Busi­ness mag­a­zines are filled with sto­ries of com­pa­nies that are known for excel­lent ser­vice: Ama­zon, the Ritz-Carlton, Zap­pos, and Hewlett-Packard to name a few. Unfor­tu­nately, most of our inter­ac­tions are with com­pa­nies whose ser­vice is less than stel­lar. The extra time and energy is takes to extract ser­vice from a sub-standard ser­vice orga­ni­za­tion is wear­ing. Con­se­quently, we search out a com­peti­tor, or we buy as lit­tle as pos­si­ble from the offend­ing com­pany. Either way, we’re sure to tell our friends about our mis­er­able encoun­ters, and the com­pany brand is maligned.

A study last year of 195 pro­fes­sion­als and 165 col­lege stu­dents by Ernest Ronan found that when cus­tomers had bad expe­ri­ences with call cen­ter staff, they were less will­ing to buy from the com­pany in the future. The strength of this reac­tion increased from 72% in 2005 to 86.3% last year. Sim­i­larly, cus­tomers’ neg­a­tive per­cep­tion of a company’s brand as a result of bad ser­vice increased from 83% to 98.9% in 2010, and their unwill­ing­ness to rec­om­mend the com­pany rose from 77% to 91.5% over the same period. These fig­ures indi­cate that buy­ers are grow­ing sig­nif­i­cantly less tol­er­ant of poor ser­vice. When the econ­omy is not strong, com­pa­nies strug­gle to com­pete for fewer cus­tomers. Los­ing cus­tomers due to poor ser­vice is just not smart business!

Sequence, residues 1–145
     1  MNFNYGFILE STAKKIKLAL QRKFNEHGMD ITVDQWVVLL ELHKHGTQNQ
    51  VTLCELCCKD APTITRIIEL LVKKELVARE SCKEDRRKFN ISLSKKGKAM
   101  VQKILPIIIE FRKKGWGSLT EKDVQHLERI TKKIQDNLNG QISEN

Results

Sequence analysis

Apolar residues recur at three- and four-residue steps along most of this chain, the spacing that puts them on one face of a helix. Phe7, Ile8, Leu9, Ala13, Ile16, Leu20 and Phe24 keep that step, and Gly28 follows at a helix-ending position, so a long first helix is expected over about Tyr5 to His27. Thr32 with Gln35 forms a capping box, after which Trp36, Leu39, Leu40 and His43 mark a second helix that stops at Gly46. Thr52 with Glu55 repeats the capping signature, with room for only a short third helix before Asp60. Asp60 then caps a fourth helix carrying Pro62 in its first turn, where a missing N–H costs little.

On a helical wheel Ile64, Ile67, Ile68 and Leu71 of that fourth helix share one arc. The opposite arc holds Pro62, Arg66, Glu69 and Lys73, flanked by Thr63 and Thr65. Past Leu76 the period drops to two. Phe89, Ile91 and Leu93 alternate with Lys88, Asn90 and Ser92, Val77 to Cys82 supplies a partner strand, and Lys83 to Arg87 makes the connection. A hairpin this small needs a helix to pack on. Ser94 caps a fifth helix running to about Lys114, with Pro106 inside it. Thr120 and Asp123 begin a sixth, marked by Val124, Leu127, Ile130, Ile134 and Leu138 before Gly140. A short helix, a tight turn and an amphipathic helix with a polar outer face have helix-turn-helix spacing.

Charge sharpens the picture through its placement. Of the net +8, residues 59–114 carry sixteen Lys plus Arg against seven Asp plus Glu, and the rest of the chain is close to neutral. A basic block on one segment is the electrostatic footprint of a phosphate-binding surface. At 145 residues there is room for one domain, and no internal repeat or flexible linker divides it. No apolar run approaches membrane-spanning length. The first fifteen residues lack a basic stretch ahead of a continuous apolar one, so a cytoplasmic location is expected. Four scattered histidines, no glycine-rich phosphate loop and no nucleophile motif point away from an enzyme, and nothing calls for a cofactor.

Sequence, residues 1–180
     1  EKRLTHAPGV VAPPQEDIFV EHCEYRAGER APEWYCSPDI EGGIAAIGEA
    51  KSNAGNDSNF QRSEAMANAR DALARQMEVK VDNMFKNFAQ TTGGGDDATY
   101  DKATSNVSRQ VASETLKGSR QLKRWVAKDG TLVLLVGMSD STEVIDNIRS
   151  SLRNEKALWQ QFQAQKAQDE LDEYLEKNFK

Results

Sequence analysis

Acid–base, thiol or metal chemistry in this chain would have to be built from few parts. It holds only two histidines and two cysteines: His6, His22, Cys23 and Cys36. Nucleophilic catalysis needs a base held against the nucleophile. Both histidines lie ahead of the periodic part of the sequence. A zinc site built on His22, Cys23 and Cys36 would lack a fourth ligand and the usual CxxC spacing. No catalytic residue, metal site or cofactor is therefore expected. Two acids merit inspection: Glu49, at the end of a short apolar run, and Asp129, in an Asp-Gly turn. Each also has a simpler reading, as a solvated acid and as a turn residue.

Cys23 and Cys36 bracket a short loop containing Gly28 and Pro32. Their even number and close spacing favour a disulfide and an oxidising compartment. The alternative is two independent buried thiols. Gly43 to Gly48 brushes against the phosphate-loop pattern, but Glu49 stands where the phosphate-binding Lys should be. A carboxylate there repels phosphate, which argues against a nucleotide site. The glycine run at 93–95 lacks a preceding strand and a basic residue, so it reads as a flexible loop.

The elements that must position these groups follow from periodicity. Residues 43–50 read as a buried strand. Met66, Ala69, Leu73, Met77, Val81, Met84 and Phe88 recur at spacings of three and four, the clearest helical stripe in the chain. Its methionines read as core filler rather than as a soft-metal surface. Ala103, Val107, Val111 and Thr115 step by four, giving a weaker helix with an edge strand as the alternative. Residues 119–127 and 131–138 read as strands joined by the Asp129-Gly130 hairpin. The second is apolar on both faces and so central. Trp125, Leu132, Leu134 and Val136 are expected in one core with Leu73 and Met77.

The Payoffs for Providing Good Customer Service

On the other hand, pos­i­tive call cen­ter expe­ri­ences will have a pos­i­tive impact on cus­tomer sat­is­fac­tion and lead to a num­ber of fac­tors that will ben­e­fit a com­pany vying for busi­ness in a slow-growth economy:

  • Loyal cus­tomers. Cus­tomers who are sat­is­fied are nearly 33% more likely to pur­chase again. And since it’s less expen­sive to keep a cus­tomer than to acquire a new one, improv­ing cus­tomer sat­is­fac­tion reduces costs.
  • Improved sales. In addi­tion to pro­vid­ing repeat sales, cus­tomers who are sat­is­fied are more likely to respond to an up sell­ing or cross-selling offer. Loyal cus­tomers also tend to be less price-sensitive, thereby increas­ing your oppor­tu­nity for a high-value sale.
  • Refer­rals. When the econ­omy is down, min­i­miz­ing risk becomes increas­ingly impor­tant as cus­tomers decide where to spend lim­ited funds. Word-of-mouth adver­tis­ing is the most trusted—and least expensive—form of adver­tis­ing. The more sat­is­fied your cus­tomers, the more they’ll tell others.
  • Improved share­holder value. The Har­vard Busi­ness Review traced a direct cor­re­la­tion between cus­tomer sat­is­fac­tion and share­holder value. They the­o­rized that a 1% improve­ment in cus­tomer sat­is­fac­tion trans­lated into a 3% mar­ket value increase for the aver­age com­pany. This flies in the face of the tra­di­tional view of call cen­ters as cost cen­ters. They may cost money to main­tain, but they gen­er­ate a wealth of return if man­aged correctly.

When cus­tomers inter­act with your call cen­ter, they form per­cep­tions of your brand that are far more pow­er­ful than the mes­sages you send through your var­i­ous mar­ket­ing chan­nels. Accord­ing to Right­Now, 89% of cus­tomers began doing busi­ness with a com­peti­tor fol­low­ing a poor cus­tomer expe­ri­ence. This is a pow­er­ful incen­tive to use the call cen­ter to sup­port your brand –one that will more than pay off when the econ­omy rebounds.

Your Strategy for Improving Customer Service – Quickly and Affordably

Rather than look­ing at your call cen­ter as a cost-center to be invested in only after other areas of the orga­ni­za­tion have recov­ered, look at it strate­gi­cally as a profit center—one that can improve cus­tomer loy­alty and reduce oper­a­tional costs. With a lit­tle atten­tion and a small invest­ment, your cen­ter can achieve stel­lar results for your com­pany. Here are the steps to take: